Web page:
This is a story of heartbreak, secrets, and small towns, told from the perspective of four women. Marglyn, Mary Claire's mother; Darcy, Graham's mother; Ava, a Worthy outsider who has recently moved to town with her husband and who is a substitute teacher at the high school; and Leah, one of the four beloved cheerleaders. All four women have secrets and are struggling to find their place within Worthy.

This novel pulls you in immediately, starting with the crash, which is startling and heartbreaking. From there, everything truly changes in this tiny town, as they grapple with losing "their girls" and with finding someone to blame. Further, the crash starts to uncover some buried secrets. Why wasn't Leah in the car with her other cheerleader friends? Basically, a chain of events is unleashed that no one sees coming. As such, we are witness to a variety of people who are hurting, hiding, and struggling in their own ways--though Whalen does an excellent job of capturing some glimmers of hope as well.

She portrays small town living well: the way football is life, for instance. The four voices are extremely well-done, and you can easily picture the characters and the townspeople. This is a story of interconnected people in a town; it's a slow burning novel but compelling, with the majority of the suspense coming from the secrecy in what Leah was doing that night. Seriously, why wasn't she with her friends in that car? For the most part, I found myself caught up in the drama, with the exception of some of the portions involving Ava and her issues--that was the one area that dragged a bit for me.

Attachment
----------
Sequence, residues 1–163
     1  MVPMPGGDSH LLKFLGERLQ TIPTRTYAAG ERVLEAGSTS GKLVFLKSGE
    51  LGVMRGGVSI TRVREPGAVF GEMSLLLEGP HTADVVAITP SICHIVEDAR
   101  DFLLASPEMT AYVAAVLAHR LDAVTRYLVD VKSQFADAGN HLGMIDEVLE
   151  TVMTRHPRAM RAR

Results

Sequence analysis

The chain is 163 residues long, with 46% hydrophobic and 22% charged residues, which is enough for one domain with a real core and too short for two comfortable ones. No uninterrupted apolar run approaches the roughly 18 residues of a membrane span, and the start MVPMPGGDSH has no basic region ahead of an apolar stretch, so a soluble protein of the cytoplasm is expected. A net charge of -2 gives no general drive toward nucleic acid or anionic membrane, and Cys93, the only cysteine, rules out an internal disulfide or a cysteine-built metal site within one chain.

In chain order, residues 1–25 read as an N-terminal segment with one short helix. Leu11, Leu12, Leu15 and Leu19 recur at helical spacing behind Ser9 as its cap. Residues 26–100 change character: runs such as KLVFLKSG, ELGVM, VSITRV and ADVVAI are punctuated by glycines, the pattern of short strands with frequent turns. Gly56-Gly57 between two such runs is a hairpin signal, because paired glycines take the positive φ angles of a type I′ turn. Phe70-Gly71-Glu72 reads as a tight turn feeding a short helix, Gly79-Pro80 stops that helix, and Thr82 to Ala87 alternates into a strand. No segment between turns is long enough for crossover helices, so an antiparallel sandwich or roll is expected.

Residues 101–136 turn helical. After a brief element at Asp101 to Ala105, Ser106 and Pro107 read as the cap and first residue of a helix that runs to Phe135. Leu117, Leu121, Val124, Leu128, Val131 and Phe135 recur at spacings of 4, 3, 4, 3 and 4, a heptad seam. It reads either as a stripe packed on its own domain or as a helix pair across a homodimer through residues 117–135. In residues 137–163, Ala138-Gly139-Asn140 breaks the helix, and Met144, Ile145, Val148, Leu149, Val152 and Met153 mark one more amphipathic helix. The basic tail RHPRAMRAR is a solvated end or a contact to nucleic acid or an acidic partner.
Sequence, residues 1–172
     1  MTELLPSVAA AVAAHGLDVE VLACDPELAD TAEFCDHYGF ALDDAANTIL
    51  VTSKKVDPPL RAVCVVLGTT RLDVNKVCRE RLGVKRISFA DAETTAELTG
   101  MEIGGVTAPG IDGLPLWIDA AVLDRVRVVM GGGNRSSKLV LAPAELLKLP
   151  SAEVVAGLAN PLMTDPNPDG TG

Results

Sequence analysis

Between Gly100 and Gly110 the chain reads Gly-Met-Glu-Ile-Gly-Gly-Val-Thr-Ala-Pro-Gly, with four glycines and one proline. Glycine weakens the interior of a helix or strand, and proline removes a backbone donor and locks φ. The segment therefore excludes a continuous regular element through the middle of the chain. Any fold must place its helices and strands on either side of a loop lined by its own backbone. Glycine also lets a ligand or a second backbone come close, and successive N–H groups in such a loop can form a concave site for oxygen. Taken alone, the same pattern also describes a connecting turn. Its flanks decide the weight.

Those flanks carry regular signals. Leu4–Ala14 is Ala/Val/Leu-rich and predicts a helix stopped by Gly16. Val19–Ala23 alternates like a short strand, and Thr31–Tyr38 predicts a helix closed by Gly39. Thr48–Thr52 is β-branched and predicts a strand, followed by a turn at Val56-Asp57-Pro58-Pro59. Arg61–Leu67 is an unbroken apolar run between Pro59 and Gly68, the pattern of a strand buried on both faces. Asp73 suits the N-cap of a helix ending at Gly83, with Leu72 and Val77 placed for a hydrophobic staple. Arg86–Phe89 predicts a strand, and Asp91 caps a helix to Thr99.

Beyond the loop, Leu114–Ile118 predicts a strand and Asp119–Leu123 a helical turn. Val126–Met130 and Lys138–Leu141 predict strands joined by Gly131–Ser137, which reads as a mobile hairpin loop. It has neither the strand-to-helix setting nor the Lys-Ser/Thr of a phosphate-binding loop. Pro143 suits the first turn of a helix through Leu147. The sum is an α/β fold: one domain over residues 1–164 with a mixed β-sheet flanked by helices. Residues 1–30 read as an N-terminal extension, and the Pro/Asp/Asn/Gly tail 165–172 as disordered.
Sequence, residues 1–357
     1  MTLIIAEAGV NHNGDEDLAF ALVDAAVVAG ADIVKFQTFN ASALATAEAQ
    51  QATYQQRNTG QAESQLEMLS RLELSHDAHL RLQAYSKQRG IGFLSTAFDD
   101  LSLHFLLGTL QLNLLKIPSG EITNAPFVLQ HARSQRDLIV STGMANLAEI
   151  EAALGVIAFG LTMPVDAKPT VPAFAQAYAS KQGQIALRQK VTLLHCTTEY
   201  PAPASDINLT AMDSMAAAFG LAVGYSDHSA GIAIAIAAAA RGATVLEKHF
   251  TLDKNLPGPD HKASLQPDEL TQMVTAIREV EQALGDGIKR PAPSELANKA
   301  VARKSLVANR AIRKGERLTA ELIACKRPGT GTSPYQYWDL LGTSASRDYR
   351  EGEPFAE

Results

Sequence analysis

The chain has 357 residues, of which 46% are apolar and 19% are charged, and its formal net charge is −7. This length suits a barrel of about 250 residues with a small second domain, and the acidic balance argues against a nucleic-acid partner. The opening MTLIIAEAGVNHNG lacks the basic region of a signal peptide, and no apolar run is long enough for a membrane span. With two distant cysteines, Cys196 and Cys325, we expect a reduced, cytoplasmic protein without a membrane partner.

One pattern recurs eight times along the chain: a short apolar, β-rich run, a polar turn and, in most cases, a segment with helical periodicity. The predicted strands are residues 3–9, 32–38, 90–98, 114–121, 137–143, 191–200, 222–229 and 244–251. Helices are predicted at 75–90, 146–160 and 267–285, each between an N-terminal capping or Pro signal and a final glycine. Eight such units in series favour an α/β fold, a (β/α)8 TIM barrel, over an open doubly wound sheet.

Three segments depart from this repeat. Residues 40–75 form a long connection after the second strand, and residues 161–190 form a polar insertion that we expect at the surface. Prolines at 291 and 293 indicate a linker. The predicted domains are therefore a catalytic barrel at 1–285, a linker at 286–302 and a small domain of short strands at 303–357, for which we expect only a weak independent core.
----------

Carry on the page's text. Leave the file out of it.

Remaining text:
Mostly this is a fairly poignant novel. Be prepared--there are lot of feelings. Each women takes plenty of time in their chapters to describe how they feel. But Whalen is an excellent writer, and you'll find yourself caught up in the tale of this town and its messed up happenings, which are certainly better depicted than in many small town novels. There's a twist at the end that makes up for so many plot pieces wrapping up a little too neatly. Overall, a sad one, but compelling, hopeful, and lovely too. Certainly worth a read.

I received a copy of this novel from the publisher and Netgalley (thank you!) in return for an unbiased review; it is available everywhere as of 09/12/2017.

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Friday, September 22, 2017


Eleanor Oliphant Is Completely FineEleanor Oliphant Is Completely Fine by Gail Honeyman

My rating: 4.5 of 5 stars

Eleanor Oliphant leads a simple, albeit lonely, life. Up in the morning, head to work, and heads down at the office (with a solo break for lunch and the crossword). She spends her evenings and weekends alone--typically with a book, the TV, and a lot vodka. Every Wednesday evening, she speaks on the phone with her mother (Mummy)-- always a painful conversation as her mother is judgemental and exacting. Then one day, Eleanor and Raymond, the slightly oafish IT guy from her office, save the elderly Sammy, who has fallen on the sidewalk. The act turns out to change Eleanor's life--bringing her into Sammy's life and that of his boisterous family--and involving her more with Raymond, as well. Suddenly, it's almost as if Eleanor and Raymond are friends and Eleanor isn't completely lonely anymore. But can her friendship with Raymond erase the sadness in her life?